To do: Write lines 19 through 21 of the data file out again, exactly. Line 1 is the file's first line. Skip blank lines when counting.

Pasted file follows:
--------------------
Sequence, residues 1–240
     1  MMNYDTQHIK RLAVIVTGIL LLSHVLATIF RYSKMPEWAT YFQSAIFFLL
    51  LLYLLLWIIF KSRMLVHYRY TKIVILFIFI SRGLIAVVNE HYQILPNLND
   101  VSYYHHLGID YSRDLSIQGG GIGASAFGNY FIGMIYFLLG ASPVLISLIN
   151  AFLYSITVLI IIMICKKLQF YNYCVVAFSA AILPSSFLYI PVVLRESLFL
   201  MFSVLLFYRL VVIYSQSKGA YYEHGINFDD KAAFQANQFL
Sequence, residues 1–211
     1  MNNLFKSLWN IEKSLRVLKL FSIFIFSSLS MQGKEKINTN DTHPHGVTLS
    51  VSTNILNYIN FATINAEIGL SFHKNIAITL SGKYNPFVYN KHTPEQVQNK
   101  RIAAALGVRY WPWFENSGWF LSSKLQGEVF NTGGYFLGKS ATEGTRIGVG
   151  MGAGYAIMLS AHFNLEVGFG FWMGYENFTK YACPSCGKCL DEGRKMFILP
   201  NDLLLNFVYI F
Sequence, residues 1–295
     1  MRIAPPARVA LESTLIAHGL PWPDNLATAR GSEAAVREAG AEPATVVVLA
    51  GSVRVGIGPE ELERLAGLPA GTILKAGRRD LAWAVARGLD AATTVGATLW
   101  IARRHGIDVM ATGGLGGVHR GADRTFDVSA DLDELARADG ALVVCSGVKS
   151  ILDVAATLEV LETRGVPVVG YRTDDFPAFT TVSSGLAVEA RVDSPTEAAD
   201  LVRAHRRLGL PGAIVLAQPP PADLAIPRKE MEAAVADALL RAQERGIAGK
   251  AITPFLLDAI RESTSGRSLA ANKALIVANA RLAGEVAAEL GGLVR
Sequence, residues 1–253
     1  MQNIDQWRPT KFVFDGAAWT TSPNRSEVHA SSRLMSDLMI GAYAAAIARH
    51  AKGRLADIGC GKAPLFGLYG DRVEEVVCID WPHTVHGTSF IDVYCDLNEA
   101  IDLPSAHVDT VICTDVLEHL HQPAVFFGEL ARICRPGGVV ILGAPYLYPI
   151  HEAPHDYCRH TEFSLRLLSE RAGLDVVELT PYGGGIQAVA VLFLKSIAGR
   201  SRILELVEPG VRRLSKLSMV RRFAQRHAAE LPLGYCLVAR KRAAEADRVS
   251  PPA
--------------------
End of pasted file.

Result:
   251  AITPFLLDAI RESTSGRSLA ANKALIVANA RLAGEVAAEL GGLVR
Sequence, residues 1–253
     1  MQNIDQWRPT KFVFDGAAWT TSPNRSEVHA SSRLMSDLMI GAYAAAIARH